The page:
Jay Reno [04:36] – what you’re doing, and yeah, we just, we value something totally different. So that shift happening. With all of these other problems, just–
Craig Cannon [04:46] – Would you attribute that to the dollar not going as far and people being, like, “Maybe I can’t buy a house ever,” or maybe, “I’m going to push it back from like, age 30 to age 45,” or something. Is that a main factor? What drew that change out in the world?
Jay Reno [05:03] – I don’t think that’s a main factor. That’s a secondary factor, and you’re seeing that happen. You’re seeing costs of debt rising, you’re seeing, you know, greater student debt. People are unable to buy and own lots of things, maybe because they’re not as careful with their money, or they’re not saving, et cetera, or, in the front end, you may not have been given much money by your family, or anything like that, so that’s certainly an issue. We consider that accessibility. Feather does give people access to items that they may not otherwise would have purchased, and instead maybe would have purchased something disposable that’s cheaper. But the reality is, most people are using Feather, and companies like us, whether it’s Rent The Runway, or Uber or Lyft, or Spotify, et cetera, because they don’t necessarily want to own things, and have things tying them to a physical space.
Craig Cannon [06:04] – I find that really interesting. I was listening to a podcast with you, that you’d done a couple years ago, and you were talking about the fundraising process, and you were basically, you were talking to people at VC funds, who definitely have the means to, buy something from, you know, not crazy expensive, but, West Elm, and they were still buying Ikea, garbage. What did the prototype look like for Feather? Did you just, like, sell to your friends? How did you ultimately figure out that this was a product?
Jay Reno [06:37] – We started as a rental business. The prototype was, “Hey, ownership is the problem.” Today everyone buys their furniture and owns it, and that creates a lot of waste, because they have to be fully responsible for their thing. Yhey end up buying things and throwing them out. On the cheap end, that’s, I guess, kind of what you end up doing. Using VCs as an example, you know, they’ve got… Even analysts, associates, principals, they’ve got pretty decent salaries, and like you said they’ll still choose to purchase the disposable thing, and a lot of people do this. The reason is because it’s flexible, and it’s convenient. That is what Feather solves today, and so the prototype that we created was, “Okay, let’s get, let’s create a simple solve, an MVP, that allows us to say, would people prefer to subscribe to, or rent things, rather than buying them up front, and owning them and throwing them out.” I built that by myself, just at my apartment, and just tested it through friends.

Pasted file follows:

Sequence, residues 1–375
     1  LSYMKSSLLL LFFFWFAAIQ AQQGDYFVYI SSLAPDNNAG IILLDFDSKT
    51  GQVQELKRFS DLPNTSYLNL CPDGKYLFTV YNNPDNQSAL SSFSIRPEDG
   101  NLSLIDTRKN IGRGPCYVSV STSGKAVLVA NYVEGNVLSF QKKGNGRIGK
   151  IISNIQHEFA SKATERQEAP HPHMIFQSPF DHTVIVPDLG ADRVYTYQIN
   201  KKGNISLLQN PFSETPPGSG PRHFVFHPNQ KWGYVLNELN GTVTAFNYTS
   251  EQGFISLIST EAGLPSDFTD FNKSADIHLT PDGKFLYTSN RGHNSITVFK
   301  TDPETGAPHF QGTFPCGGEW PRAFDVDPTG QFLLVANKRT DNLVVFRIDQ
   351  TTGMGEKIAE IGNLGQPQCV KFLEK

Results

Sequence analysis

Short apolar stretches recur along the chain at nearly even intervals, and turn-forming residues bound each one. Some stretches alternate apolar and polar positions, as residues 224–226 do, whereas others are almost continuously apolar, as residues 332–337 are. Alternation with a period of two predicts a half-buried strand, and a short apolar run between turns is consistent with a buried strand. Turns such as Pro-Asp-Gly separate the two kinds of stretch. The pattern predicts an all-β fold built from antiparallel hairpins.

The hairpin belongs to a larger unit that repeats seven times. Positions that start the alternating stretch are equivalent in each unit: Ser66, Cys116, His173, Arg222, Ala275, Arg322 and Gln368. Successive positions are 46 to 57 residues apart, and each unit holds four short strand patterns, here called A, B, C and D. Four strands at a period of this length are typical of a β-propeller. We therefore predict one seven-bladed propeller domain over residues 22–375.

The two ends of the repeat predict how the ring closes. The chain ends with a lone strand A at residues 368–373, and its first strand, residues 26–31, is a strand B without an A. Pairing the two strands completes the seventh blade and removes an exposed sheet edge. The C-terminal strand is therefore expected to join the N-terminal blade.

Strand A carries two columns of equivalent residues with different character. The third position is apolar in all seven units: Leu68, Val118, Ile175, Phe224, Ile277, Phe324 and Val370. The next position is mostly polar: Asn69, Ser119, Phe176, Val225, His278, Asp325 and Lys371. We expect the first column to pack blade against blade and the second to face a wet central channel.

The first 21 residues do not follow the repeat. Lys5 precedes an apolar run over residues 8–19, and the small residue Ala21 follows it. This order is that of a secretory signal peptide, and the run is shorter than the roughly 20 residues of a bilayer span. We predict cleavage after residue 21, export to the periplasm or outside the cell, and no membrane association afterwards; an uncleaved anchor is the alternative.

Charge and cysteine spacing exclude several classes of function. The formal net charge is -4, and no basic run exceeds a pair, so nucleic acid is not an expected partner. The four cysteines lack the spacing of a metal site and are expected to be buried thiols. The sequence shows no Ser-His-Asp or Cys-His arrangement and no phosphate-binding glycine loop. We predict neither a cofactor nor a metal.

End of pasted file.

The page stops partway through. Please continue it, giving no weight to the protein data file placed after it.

Craig Cannon [07:55] – Okay, so, walk me through what it actually is, because people are so curious. They ask us about this all the time. What can my MVP look like? How do I really test out an idea? Is a form for one type of couch? What was it actually?
Jay Reno [08:08] – For this to work you kind of need to have a little bit of merchandising, you need to have a little bit of a visual aesthetic and appeal to see what furniture is, what the price is, et cetera. Thought maybe a spreadsheet would work and that’s just not enough.
Craig Cannon [08:21] – Didn’t work, okay.
Jay Reno [08:22] – It didn’t. But there are templates that exist to create web shops. There are a few if not many companies that do this. I used Shopify. I was paying $89 a month, I think it was, for what was then a Premium Plan. Not that much money on the face of it, and ended up, I have a bit of a background as a Product Manager, so I found a very inexpensive engineer who was living in India, and she was being paid, maybe 16 or $18 an hour, all in, to just build the MVP. I decided that I felt comfortable investing up to two or three thousand dollars, I can’t remember what it was, of my own personal money, so I said, “Great, you know, this could go nowhere. I’m just going to build that myself in the confines of my home,” and that’s how much it took to create it.